Illustration of Aposematism

1890 Aposematism

The book of science

Tom Sharp

Alfred Russel Wallace, Edward Bagnall Poulton evolution Illustration of Aposematism


Bright colors warn; fangs warn; snarls menace. People assumed bright colors attract predators. Alfred Russel Wallace first suggested warning coloration warned predators. Edward Bagnall Poulton coined the term from the Greek words apo, away and sema, sign.

Danger signs

Octogonal red stop signs; triangular yields; cars flashing and honking; appliances beep; efforts to improve safety create a landscape of danger signs.

Doctor Faustus

Clearwing butterflies disappear, petals in the wind. Leaf butterflies fold their wings to hide as leaves. Ineditable butterflies advertise with colors and heavy flight and editable butterflies mimic the ineditable ones. Mussels from Caledonia decorate their shells with an ancient indecipherable script. Ice crystals assume the shape of ferns and flowers and seek the light just as any in the vegetable kingdom. Drops of oil shape themselves to devour a substance just as animals, amœbae, reach for nourishment.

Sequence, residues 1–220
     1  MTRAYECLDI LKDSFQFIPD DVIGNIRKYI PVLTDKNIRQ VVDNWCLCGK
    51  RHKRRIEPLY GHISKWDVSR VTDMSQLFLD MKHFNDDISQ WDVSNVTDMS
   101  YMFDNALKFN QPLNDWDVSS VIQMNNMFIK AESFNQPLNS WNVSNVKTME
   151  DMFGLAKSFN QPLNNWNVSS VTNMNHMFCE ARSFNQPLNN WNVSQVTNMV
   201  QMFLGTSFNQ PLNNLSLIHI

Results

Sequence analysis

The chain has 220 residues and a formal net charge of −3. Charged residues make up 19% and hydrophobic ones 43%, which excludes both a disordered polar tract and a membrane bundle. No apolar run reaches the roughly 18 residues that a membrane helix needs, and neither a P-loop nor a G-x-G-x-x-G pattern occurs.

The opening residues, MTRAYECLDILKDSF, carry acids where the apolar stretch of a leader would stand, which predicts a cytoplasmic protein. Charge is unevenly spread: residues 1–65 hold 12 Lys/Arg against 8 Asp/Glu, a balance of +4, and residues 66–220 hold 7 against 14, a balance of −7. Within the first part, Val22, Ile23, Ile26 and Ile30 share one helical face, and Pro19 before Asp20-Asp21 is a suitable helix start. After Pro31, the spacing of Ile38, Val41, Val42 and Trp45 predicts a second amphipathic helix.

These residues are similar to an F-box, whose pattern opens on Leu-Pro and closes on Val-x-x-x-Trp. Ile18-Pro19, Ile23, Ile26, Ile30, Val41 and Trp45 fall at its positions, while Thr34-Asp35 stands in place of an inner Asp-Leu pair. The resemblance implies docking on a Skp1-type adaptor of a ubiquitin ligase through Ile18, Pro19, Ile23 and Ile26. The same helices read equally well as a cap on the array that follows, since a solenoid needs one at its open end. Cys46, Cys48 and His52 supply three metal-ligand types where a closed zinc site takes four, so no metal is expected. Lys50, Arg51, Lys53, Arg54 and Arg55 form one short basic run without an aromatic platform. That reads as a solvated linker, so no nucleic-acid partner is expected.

Don’t tread on me

Conspicuous humans smear mud on their faces to blend into the jungle. Red and yellow, black and white, contrast nicely with green folliage, to signal do not mess with us.

Alfred Russel Wallace conceieved the theory of evolution by natural selection independently, which convinced Darwin to end his reluctance to publish On the Origin of Species.

Chapter III of Thomas Mann’s Doctor Faustus explores instances of mimicry to show the mystical connection between the animate and inanimate kingdoms.

See also in The book of science:

Readings in wikipedia: